stepping	: 13
microcode	: 0xa1
cpu MHz		: 1666.000
cache size	: 1024 KB
physical id	: 0
siblings	: 2
core id		: 1
cpu cores	: 2
apicid		: 1
initial apicid	: 1
fpu		: yes
fpu_exception	: yes
cpuid level	: 10
wp		: yes
flags		: fpu vme de pse tsc msr pae mce cx8 apic sep mtrr pge mca cmov pat pse36 clflush dts acpi mmx fxsr sse sse2 ss ht tm pbe syscall nx lm constant_tsc arch_perfmon pebs bts rep_good nopl aperfmperf pni dtes64 monitor ds_cpl est tm2 ssse3 cx16 xtpr pdcm lahf_lm dtherm
bugs		:
bogomips	: 4322.52
clflush size	: 64
cache_alignment	: 64
address sizes	: 36 bits physical, 48 bits virtual
power management:

computer@computer-Aspire-5730 ~ $ cat /proc/meminfo
MemTotal:        3008928 kB
MemFree:          856152 kB
MemAvailable:    2151856 kB
Buffers:           89860 kB
Cached:          1397600 kB
SwapCached:            0 kB
Active:          1358592 kB
Inactive:         648256 kB
Active(anon):     520520 kB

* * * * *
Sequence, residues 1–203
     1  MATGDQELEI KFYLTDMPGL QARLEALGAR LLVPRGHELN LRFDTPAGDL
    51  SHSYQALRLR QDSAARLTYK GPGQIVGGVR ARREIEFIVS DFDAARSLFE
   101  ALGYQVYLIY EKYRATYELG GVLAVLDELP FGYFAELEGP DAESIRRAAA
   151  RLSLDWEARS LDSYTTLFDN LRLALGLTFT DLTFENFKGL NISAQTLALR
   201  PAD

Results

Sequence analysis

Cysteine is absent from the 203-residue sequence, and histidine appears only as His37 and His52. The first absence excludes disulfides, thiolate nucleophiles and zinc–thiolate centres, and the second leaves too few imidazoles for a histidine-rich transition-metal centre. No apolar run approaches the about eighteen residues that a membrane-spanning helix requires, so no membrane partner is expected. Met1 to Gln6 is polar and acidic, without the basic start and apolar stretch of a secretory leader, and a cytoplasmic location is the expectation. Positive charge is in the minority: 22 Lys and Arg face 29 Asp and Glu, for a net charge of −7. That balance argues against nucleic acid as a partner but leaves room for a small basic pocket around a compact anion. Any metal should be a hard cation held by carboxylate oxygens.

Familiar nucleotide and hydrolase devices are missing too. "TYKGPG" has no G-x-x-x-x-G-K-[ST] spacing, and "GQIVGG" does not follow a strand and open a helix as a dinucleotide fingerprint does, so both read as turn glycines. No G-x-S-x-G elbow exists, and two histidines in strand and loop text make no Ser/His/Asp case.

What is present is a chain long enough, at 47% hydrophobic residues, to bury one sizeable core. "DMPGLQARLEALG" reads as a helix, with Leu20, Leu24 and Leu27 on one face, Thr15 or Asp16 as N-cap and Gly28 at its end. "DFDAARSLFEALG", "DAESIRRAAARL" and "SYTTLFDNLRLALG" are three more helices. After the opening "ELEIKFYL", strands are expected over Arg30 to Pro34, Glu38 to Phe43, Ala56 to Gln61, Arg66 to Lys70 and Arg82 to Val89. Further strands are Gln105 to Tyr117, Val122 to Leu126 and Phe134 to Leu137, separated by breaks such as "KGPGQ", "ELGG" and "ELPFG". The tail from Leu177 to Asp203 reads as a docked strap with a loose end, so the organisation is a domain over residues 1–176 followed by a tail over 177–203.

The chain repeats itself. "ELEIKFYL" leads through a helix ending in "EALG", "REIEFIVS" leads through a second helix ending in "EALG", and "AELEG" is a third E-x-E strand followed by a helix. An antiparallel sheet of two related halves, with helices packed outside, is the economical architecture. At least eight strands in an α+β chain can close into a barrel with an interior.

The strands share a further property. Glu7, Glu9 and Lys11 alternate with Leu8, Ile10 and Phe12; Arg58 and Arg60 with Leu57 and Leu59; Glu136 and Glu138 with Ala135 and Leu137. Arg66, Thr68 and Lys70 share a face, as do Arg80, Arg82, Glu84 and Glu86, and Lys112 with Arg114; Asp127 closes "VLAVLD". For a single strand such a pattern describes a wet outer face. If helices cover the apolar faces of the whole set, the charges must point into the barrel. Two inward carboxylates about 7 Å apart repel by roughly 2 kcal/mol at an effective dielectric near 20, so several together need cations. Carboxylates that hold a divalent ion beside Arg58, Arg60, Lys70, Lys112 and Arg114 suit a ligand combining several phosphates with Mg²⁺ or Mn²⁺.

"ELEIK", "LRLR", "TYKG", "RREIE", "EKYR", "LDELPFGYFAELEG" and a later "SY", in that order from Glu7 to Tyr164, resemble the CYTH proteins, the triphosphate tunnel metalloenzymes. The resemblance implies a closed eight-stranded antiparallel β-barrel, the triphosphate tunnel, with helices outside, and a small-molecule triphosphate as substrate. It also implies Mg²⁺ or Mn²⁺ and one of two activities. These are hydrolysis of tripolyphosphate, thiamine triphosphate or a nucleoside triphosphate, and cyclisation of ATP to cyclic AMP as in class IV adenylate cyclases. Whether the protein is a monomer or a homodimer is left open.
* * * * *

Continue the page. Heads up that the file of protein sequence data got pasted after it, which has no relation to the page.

Inactive(anon):   111608 kB
Active(file):     838072 kB
Inactive(file):   536648 kB
Unevictable:          16 kB
Mlocked:              16 kB
SwapTotal:       3071996 kB
SwapFree:        3071996 kB
Dirty:               168 kB
Writeback:             0 kB
AnonPages:        519528 kB
Mapped:           294192 kB
Shmem:            112744 kB
Slab:              91376 kB
SReclaimable:      67212 kB
SUnreclaim:        24164 kB
KernelStack:        5760 kB
PageTables:        20624 kB
NFS_Unstable:          0 kB
Bounce:                0 kB
WritebackTmp:          0 kB
CommitLimit:     4576460 kB
Committed_AS:    2152380 kB
VmallocTotal:   34359738367 kB
VmallocUsed:      543112 kB
VmallocChunk:   34359187548 kB
HardwareCorrupted:     0 kB
AnonHugePages:     57344 kB
CmaTotal:              0 kB
CmaFree:               0 kB
HugePages_Total:       0
HugePages_Free:        0
HugePages_Rsvd:        0
HugePages_Surp:        0
Hugepagesize:       2048 kB
DirectMap4k:      130308 kB
DirectMap2M:     2942976 kB
computer@computer-Aspire-5730 ~ $ egrep "model name|address" /proc/cpuinfo
model name	: Intel(R) Pentium(R) Dual  CPU  T3400  @ 2.16GHz
address sizes	: 36 bits physical, 48 bits virtual
model name	: Intel(R) Pentium(R) Dual  CPU  T3400  @ 2.16GHz